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Everything you need to know about Mobile HDR

By James Lu - 2 Jul 2018,12:29pm

Everything you need to know about Mobile HDR

 

What's the difference between HDR and Mobile HDR?

HDR or High Dynamic Range is a buzzword that’s been circulating in televisions for the past couple of years now. If a TV is HDR compatible, it generally means it’s able to produce a brighter, wider range of colors and contrast, so a scene can display bright highlights, while still maintaining fidelity in the darker areas of the screen. There are however caveats to this and you can read more about the HDR compatible terminology here.

Mobile HDR is a fairly new technology on smartphones that aims to bring a similar experience from your big screen TV to your smartphone or tablet. Samsung kickstarted Mobile HDR with the short-lived Galaxy Note7, but it’s now available in many flagship smartphones including the iPhone XSamsung Galaxy S9 and S9+, Razer PhoneSony Xperia XZ2, LG G6, and the LG G7+ ThinQ.

 

Mobile HDR 10 vs. Dolby Vision

Just like HDR on TV there are two main competing standards for Mobile HDR: HDR10 and Dolby Vision. HDR10 is an open source format that is currently more prevalent. Generally speaking, if your TV or mobile device is HDR compatible, it can play any HDR10 content.

Dolby Vision is another standard that isn’t as prevalent, but offers arguably better image quality. To compare specs, HDR10 currently supports up to 4,000 nits peak brightness, with 10-bit color depth, while Dolby Vision, supports up to 10,000 nits peak brightness, with 12-bit color depth. Dolby Vision also uses frame-by-frame metadata to ensure that the display you're watching is showing you the best results. While Dolby Vision isn’t as widespread as HDR10, both Amazon and Netflix, the two biggest companies pushing Mobile HDR, support it.

Phones compatible with Dolby Vision include the iPhone X, Samsung Galaxy S9 and S9+, LG G6, and the Huawei P20 and P20 Pro. However, it’s worth noting that Dolby Vision on mobile devices is actually a software solution, rather than hardware-based – this means that technically, any HDR mobile device could run Dolby Vision, if a software compatibility update is released for it.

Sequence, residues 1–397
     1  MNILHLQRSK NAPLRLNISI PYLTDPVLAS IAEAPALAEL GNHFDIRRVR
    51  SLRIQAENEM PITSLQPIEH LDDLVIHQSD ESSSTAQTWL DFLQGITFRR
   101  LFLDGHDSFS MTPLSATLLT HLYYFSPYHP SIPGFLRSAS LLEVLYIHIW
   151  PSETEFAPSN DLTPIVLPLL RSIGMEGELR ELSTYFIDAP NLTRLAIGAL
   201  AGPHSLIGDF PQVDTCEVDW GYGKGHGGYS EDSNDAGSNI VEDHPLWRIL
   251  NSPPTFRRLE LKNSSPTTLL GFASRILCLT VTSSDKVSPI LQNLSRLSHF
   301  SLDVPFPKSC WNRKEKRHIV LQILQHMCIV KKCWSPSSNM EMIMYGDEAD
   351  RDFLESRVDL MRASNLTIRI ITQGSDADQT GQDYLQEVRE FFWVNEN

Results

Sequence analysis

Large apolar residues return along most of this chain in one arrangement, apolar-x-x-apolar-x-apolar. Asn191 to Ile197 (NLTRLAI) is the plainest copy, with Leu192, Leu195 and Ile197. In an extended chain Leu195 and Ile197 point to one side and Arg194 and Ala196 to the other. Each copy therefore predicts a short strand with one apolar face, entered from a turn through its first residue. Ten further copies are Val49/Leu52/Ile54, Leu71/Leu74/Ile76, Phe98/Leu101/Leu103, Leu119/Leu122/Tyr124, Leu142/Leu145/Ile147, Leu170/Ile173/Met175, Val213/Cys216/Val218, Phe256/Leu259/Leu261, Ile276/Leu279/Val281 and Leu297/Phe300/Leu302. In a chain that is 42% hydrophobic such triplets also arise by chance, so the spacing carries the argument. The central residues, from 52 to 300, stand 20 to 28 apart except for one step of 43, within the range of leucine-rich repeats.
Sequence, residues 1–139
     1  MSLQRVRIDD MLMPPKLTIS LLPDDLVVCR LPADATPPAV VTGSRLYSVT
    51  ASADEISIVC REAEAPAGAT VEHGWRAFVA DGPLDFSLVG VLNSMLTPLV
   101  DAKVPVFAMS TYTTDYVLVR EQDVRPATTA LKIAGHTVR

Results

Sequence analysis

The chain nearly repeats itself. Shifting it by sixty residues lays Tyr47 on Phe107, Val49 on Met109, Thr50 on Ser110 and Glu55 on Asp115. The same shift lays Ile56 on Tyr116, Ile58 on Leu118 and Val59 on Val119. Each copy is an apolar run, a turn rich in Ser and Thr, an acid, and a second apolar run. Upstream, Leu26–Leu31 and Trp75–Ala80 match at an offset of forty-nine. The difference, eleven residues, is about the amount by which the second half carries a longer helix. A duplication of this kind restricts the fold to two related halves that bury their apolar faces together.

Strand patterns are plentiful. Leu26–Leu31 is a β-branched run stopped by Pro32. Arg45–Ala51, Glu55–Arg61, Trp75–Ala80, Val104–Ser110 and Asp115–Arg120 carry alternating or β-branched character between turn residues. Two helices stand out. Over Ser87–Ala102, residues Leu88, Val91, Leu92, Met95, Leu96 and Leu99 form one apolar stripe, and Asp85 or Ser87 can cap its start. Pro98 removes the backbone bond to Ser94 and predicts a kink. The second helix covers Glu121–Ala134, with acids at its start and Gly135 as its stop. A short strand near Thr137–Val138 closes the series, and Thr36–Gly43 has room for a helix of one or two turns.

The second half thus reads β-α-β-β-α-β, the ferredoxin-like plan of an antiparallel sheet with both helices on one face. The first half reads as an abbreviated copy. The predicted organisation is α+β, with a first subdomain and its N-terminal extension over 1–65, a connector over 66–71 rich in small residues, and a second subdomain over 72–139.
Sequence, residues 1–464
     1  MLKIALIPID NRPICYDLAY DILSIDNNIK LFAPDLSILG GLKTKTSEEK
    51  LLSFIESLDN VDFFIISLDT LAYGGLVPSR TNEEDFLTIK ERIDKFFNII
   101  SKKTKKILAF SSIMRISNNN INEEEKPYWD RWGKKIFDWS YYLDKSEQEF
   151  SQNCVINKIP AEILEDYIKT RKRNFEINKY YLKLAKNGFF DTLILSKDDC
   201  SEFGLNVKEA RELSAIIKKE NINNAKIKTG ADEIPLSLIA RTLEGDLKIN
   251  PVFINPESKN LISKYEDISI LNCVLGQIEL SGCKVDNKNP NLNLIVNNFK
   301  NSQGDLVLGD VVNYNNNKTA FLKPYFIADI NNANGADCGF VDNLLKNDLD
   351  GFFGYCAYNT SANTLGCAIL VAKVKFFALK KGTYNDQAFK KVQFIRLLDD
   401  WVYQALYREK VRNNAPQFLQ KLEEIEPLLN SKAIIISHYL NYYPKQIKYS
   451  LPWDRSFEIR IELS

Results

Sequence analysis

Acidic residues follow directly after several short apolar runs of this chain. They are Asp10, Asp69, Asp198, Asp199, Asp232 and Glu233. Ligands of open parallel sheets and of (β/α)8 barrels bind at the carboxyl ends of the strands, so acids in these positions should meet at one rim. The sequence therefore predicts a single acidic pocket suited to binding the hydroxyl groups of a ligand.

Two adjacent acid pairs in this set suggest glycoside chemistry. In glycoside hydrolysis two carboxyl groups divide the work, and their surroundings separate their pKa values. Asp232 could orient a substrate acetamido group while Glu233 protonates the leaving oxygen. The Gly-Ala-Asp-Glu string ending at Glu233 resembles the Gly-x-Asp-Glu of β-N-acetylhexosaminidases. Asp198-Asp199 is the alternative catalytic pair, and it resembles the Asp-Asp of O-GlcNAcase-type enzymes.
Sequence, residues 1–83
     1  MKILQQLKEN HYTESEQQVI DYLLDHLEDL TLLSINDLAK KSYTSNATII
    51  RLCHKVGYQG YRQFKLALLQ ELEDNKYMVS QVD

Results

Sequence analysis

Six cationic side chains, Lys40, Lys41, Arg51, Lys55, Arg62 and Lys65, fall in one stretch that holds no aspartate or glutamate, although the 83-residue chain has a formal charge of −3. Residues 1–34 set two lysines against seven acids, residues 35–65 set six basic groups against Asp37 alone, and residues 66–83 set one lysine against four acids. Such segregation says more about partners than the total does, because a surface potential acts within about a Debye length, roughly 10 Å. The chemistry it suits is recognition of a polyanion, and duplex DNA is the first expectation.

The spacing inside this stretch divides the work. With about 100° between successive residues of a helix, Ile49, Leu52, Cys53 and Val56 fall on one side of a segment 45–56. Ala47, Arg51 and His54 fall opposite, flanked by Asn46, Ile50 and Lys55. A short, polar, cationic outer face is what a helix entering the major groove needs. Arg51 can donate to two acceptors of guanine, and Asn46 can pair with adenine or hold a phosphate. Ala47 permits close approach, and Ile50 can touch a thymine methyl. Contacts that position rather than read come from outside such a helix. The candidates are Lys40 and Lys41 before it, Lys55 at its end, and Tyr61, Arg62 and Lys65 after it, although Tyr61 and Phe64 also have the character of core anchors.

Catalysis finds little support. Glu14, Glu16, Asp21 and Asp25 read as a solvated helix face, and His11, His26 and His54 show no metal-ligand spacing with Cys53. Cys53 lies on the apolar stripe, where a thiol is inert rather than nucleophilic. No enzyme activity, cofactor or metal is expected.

Mobile HDR Premium

To make matters more confusing, in February 2017, the Ultra HD Alliance also announced a new standard for mobile devices, called Mobile HDR Premium. This isn’t a competing format to HDR10 or Dolby Vision; instead, it’s a certification for mobile devices that ensures you’re getting a great HDR experience.

The Mobile HDR Premium specs require:

  • Resolution: 60 pixels/degree
  • Dynamic range: .0005-550nits
  • Colour space: 90% of P3 color gamut
  • Color Bit depth: 10

These standards apply to all smartphones, tablets and laptop computers, meaning that you could see the Mobile HDR Premium certification on all those devices which offer HDR content. Right now, the only smartphones with Mobile HDR Premium certifications are the Samsung Galaxy S8 and S8+, Note8, and S9 and S9+.

 

What HDR content is available?

Unfortunately, right now there’s not a lot of Mobile HDR content out there. Netflix is your best bet for HDR10 and Dolby Vision content, however not all phones are supported. Currently, the following Android phones support HDR10 content on Netflix:

  • LG V30+
  • LG G7+ ThinQ
  • Razer Phone
  • Samsung Galaxy Note 8
  • Samsung Galaxy S9 and S9+
  • Sony Xperia XZ Premium
  • Sony Xperia XZ1
  • Sony Xperia XZ2

The only phones that can use Dolby Vision on Netflix are the iPhone X and LG G6.

Amazon Prime Video also supports HDR10 and Dolby Vision, however, again, not all devices are supported. Amazon doesn't maintain an up to date list of supported devices, so you'll just have to try your luck here.

YouTube also offers great HDR content, but it’s currently not available on the YouTube app, however we expect an update from Google soon. If you're an iPhone X user, many iTunes movies are also available in Dolby Vision and HDR.

Right now, if you want to experience mobile HDR content for yourself, your best bet is to simply download HDR videos from your smartphone manufacturer. For example, the Samsung Video Library app has some stunning high-quality Mobile HDR videos on it.

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